When I look back on my too-much-too-quick stories, I often notice missing elements. "Hey, there's no black moment. That's why the ending feels rushed." What I'm noticing is poor story structure.

I know we're all creatives and we don't really like to think about our stories needing a structure. It's art! It's free expression! It doesn't need rules!

Studies have shown that when kids know the rules, they feel safer and are able to thrive. The same is true for your story. To work properly it needs structure. Can some rules be bent or broken? Of course. But to be an effective story, it's always going to need a few things. Like a beginning, middle, and end.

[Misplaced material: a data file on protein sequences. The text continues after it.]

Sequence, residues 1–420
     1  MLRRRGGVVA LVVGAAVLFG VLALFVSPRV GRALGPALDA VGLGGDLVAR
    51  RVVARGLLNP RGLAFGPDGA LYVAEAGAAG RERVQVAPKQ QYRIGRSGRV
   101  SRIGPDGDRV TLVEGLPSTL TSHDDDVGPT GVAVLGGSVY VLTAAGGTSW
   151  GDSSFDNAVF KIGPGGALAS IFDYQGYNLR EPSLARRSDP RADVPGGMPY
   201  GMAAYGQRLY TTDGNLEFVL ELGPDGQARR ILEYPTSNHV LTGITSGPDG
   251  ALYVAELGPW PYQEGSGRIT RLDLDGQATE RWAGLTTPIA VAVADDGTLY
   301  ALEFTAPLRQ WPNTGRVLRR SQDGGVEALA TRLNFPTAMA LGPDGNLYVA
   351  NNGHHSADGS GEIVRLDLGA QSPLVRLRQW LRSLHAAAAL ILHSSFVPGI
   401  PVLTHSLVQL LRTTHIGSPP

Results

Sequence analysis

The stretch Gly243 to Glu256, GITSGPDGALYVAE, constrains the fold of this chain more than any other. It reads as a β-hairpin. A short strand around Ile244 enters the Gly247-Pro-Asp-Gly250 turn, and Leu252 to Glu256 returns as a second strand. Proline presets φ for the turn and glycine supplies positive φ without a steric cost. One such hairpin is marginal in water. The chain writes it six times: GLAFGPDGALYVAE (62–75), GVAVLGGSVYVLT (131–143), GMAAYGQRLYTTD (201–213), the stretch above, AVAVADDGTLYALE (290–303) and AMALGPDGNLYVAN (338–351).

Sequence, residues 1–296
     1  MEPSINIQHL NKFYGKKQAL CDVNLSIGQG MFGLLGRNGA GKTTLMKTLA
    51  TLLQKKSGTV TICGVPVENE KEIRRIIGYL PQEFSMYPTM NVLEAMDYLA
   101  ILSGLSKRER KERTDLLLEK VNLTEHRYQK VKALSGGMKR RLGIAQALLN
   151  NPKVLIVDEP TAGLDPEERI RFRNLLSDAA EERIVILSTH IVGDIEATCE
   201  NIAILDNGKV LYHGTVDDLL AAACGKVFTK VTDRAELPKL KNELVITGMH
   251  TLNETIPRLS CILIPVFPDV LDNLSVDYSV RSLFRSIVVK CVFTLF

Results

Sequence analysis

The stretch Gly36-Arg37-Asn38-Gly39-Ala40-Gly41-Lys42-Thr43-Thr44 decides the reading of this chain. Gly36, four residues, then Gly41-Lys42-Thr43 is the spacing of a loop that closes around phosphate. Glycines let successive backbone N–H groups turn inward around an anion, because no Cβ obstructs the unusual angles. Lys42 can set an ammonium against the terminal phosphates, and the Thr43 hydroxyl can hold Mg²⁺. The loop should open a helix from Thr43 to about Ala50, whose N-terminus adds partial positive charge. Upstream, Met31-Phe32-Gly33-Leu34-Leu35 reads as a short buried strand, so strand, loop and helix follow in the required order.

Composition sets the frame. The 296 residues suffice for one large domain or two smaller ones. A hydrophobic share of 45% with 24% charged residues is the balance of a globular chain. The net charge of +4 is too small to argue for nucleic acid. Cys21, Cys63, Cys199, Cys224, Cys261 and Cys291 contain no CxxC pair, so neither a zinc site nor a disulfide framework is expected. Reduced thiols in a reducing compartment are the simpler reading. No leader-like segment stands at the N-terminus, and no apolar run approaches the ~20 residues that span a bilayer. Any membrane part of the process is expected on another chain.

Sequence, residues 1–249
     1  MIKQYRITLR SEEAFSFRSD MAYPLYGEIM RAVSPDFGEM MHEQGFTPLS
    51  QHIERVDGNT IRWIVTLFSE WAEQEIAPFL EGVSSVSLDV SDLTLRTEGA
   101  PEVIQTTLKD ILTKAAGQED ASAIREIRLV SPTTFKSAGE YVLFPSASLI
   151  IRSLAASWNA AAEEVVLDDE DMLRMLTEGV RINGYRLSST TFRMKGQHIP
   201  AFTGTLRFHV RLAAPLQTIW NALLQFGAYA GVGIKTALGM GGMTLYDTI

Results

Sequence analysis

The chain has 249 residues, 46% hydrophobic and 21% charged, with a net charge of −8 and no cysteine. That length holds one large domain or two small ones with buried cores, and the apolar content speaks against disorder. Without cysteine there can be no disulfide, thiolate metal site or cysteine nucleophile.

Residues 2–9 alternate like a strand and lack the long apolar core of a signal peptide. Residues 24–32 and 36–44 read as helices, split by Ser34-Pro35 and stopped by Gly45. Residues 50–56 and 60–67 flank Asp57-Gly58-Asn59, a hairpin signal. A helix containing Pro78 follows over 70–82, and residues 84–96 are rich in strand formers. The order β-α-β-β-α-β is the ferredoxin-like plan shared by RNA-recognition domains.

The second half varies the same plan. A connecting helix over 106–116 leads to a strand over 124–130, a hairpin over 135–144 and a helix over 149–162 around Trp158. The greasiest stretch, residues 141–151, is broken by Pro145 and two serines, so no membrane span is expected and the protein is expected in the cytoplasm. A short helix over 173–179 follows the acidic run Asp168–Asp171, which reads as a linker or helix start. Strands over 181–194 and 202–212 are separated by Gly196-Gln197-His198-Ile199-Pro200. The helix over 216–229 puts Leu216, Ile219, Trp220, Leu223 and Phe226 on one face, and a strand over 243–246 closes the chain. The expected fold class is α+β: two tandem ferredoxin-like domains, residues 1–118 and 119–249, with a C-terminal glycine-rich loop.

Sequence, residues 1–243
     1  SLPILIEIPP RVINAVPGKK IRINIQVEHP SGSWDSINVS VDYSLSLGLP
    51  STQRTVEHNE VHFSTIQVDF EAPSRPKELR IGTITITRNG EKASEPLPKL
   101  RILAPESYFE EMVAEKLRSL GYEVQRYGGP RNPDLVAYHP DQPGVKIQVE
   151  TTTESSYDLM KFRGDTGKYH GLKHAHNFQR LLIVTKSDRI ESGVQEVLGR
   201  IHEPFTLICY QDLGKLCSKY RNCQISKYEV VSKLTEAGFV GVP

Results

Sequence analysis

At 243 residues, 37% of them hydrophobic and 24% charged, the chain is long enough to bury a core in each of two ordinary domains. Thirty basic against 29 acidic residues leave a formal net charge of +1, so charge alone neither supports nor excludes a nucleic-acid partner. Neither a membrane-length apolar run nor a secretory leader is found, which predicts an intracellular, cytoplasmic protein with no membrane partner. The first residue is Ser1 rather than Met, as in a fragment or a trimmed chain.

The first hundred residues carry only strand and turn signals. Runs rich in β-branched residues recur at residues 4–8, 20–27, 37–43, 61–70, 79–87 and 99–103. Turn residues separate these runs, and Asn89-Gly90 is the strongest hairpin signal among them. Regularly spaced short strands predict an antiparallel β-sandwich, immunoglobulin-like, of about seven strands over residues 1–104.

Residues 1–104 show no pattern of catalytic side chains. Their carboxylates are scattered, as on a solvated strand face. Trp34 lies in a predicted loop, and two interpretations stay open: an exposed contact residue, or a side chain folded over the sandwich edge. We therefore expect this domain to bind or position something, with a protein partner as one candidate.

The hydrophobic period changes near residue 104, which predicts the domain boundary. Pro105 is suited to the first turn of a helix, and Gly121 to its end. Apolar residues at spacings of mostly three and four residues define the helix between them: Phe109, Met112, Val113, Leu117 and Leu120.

A quick search on Go Teen Writers tells me that I haven't talked about story structure very much. Hmm. Let me add that to my list. Angela Hunt has a great tool she calls the "plot skeleton." There used to be a link on her blog, but after an extensive search in her archives, I can't find it. Grr. I know it's been published now in Novel Idea, so maybe she took it down. There's a bit of it here, anyway. My teaching on story structure won't be nearly as good as Ms. Hunt's (I would not be a published writer had I not taken Angela Hunt's class) but I'll see what I can do.

Another thing that can make my stories  move way too quickly is telling the story instead of showing it. We talked about this some in tips for writing good sentences. It's a lot easier and faster to write stuff like: